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Sleep Question for Daisy.....and anyone else that has some pointers!

  1. You have chosen to ignore posts from CoffeeQueen. Show CoffeeQueen's posts

    Sleep Question for Daisy.....and anyone else that has some pointers!

    Daisy, I remember reading in one of the sleep training threads that your twins would get angry when you and your husband would check on them (Ferber's method) so you went a different route (???).  We're going through the same thing with our son and I'm not sure what to do (he'll be 9 mos on the 3rd).  He has no problem going to sleep but wakes up at the same times every night (1030pm and 330am) and SCREAMS till one of us comes in and lays him back down etc.  I know he's waking out of habit so I'm not sure if I should let him cry or keep checking on him.  Lately he has been so unbelieveable P*SSED when we leave the room so I think the "checking in" method isn't doing what it's supposed to.

  2. You have chosen to ignore posts from Daisy75. Show Daisy75's posts

    Re: Sleep Question for Daisy.....and anyone else that has some pointers!

    We used Weissbluth:  "Healthy Sleep Habits, Happy Child."  He recommends whatever works best for your family, but definitely advocates for the "extinction" method which is just to not go in at all.  When I first read about it, I was appalled and couldn't imagine not going in to check and comfort/reassure, but once I realized how much more upset they were getting when we did go in, we decided to give not going in a try.  It's REALLY REALLY hard, but for our kids, it ultimately worked (eleven nights, not the three - four that seems to be the general consensus among others I know who've used it).

    The first question I have, though:  is he actually awake when he's screaming?  I ask b/c my daughter had night terrors and screamed (and often still screams) within 1/2 hour of the same time every night.  It's a bit different if that's the case.  Night terrors are kind of like sleep walking or sleep talking and often happen before big milestones like crawling or walking.  According to our pedi (who also had a child with night terrors), the "official" recommendation is to just leave them alone (they don't remember the dream), but his experience as a parent was that going in and picking up/waking up helped disrupt the sleep cycle and the baby went back to sleep fairly quickly.  Another technique, if the timing is very reliable, is to go in and jostle/wake the baby to a half-awake state about 1/2 hour before the usual night terror time.  Doing that pre-emptively disrupts and resets the sleep cycle so the night terror won't happen.  Ultimately, for night terrors, we always went in and woke her up while they were happening (the pre-emptive wake-ups back-fired on us and we couldn't get her to go back to sleep).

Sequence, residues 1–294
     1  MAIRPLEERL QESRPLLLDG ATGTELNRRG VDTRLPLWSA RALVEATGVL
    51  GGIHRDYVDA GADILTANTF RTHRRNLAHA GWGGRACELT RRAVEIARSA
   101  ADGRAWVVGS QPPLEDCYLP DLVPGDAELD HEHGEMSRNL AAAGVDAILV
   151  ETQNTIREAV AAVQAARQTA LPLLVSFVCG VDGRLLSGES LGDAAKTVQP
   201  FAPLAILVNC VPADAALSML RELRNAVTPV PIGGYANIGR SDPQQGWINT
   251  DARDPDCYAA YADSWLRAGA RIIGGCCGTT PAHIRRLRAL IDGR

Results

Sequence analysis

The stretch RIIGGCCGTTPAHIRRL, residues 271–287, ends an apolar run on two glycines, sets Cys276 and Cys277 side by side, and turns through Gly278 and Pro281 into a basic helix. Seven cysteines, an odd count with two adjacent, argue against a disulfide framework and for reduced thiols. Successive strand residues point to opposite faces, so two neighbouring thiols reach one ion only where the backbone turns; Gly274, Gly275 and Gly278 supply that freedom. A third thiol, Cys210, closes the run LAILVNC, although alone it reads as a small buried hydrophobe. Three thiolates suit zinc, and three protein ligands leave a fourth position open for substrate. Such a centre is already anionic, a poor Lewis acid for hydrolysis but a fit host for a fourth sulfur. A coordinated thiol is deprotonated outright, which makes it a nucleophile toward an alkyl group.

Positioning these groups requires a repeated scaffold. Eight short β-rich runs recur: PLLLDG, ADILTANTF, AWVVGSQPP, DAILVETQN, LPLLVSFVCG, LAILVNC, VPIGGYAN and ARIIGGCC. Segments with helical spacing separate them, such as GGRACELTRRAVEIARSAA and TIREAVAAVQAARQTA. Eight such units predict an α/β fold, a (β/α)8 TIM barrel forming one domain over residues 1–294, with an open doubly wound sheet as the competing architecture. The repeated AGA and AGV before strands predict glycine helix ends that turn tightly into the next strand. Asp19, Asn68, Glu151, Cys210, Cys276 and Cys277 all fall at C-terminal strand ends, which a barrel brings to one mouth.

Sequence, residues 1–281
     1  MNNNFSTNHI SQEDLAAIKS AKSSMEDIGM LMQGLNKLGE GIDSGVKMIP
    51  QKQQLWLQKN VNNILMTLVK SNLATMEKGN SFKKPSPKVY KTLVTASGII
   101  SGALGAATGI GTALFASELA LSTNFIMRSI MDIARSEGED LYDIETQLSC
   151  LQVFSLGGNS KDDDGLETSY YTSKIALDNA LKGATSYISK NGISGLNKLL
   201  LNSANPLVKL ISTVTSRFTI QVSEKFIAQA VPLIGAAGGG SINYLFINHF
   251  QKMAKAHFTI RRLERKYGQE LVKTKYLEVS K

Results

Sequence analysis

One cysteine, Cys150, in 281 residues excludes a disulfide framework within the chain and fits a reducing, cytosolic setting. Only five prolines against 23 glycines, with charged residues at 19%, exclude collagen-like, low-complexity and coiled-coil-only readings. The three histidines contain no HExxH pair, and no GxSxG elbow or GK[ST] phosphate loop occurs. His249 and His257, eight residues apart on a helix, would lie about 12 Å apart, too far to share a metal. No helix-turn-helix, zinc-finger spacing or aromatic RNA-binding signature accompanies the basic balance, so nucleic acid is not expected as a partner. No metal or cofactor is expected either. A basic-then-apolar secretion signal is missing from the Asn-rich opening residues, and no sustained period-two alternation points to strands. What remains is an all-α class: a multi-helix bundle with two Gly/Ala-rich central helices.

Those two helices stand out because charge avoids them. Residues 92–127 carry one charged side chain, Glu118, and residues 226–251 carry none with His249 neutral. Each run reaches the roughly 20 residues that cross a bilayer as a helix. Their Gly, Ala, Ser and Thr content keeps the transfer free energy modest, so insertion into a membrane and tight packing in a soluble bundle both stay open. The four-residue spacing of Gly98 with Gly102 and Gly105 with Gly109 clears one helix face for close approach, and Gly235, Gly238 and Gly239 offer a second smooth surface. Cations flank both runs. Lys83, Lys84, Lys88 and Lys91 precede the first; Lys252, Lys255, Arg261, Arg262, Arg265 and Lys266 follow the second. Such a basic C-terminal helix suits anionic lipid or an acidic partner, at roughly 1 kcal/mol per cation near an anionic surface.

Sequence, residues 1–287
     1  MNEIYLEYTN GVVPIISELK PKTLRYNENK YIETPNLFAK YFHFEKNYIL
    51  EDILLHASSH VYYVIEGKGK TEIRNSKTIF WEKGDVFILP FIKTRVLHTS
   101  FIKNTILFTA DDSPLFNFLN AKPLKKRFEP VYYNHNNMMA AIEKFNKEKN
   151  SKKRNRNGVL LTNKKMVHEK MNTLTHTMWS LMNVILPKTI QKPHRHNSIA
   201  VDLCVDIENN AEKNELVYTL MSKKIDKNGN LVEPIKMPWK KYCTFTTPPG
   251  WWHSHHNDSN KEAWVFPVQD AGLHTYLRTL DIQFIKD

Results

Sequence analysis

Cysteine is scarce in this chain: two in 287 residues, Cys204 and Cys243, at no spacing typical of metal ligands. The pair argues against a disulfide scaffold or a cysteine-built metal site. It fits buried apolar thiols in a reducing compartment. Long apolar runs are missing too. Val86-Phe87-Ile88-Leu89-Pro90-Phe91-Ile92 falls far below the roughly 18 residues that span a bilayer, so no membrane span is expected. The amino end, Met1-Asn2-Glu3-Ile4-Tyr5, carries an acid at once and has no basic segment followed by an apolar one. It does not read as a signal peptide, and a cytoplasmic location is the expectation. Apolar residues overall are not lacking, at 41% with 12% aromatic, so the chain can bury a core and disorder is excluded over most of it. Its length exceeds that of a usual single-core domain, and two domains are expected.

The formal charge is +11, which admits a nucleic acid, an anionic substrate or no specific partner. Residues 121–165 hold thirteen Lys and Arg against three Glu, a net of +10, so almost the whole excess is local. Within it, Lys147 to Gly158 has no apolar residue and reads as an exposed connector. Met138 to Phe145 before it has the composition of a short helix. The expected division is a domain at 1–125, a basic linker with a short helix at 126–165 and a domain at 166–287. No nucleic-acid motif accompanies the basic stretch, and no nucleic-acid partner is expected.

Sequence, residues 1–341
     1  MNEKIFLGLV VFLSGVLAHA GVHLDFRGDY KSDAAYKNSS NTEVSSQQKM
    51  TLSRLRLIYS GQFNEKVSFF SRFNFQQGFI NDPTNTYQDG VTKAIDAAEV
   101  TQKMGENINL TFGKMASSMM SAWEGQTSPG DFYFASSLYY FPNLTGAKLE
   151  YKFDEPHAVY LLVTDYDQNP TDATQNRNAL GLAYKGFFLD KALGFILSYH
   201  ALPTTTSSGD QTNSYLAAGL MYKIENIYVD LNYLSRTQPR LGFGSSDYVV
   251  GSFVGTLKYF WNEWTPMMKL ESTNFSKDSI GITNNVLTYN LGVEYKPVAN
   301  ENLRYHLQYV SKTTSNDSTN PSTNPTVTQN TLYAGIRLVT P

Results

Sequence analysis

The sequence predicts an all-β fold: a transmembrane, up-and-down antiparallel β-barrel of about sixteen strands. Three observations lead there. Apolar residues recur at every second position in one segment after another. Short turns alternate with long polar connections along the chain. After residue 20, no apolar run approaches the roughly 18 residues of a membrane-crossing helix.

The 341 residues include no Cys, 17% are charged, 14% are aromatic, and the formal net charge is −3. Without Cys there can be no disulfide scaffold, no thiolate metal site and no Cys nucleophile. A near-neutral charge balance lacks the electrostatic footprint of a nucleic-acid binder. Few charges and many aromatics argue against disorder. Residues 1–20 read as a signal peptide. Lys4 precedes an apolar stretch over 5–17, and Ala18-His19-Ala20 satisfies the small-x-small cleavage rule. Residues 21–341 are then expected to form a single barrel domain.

But, if it's not night terrors, extinction may work.  You may have to tie yourself down in order to prevent yourself from going in, and you have to be prepared to let him go for an hour.  Once you go in, you've set the precendent that if he holds out long enough you'll go in.  If you're absolutely sure that there are no other underlying problems, though, it should help him sleep better in the long run.

    I will say, now that my two are 22 months, if they wake up, we do go in.  We know that if they're waking up, there's some kind of a problem or they had a bad dream, etc.  Also, DD still has night terrors on occasion, and we always go in for those.

    Good luck, it's such a hard decision to make and very hard to follow through.  I really recommend reading about it before you do it so you thoroughly understand the theory and get a better picture of sleep physiology overall and the importance of teaching your child to sleep.  The latter was what helped me stick with it.
  3. You have chosen to ignore posts from CoffeeQueen. Show CoffeeQueen's posts

    Re: Sleep Question for Daisy.....and anyone else that has some pointers!

    Thank you very much!  I read Ferber's book in December and we did our first night of his method on Dec 20th (the tears were so traumatizing for me at the time that I remember the date!).  I agree with you that educating yourself about the sleep physiology is huge since it's gives you a better understanding of the whole picture.  The Ferber method turned bedtime around for our son and helped us see that he had poor sleep associations and that was why he wasn't sleeping for long stretches.  This business of him waking up at the same times is pure habit now. I'm leaning more away from the possibility of sleep terrors because he is instantly silent when we enter the room, like you said we've set the precendent.  Last night we didn't go to him right away and he cried for 25 mins when I caved.  He continuted crying for an hour. with intermediate checks from me and DH.  It was absolutely awful and our going in and out only made him more angry.

    I'm going to pick up Happy Sleep Habits, Happy Child.  Thank you for the advice!
  4. You have chosen to ignore posts from canukgrl. Show canukgrl's posts

    Re: Sleep Question for Daisy.....and anyone else that has some pointers!

    oooh I have the weissbluth book from when DD was a baby and never thought to consult it for the sleep issues she is having now!  Sometimes Night terrors, sometimes nightmares, sometimes too hot or too cold.... 7 mo DS is sleeping fine (sometimes all night even) but we're exhausted dealing with 3yo DD :(

    I hope I didn't pass on the book yet!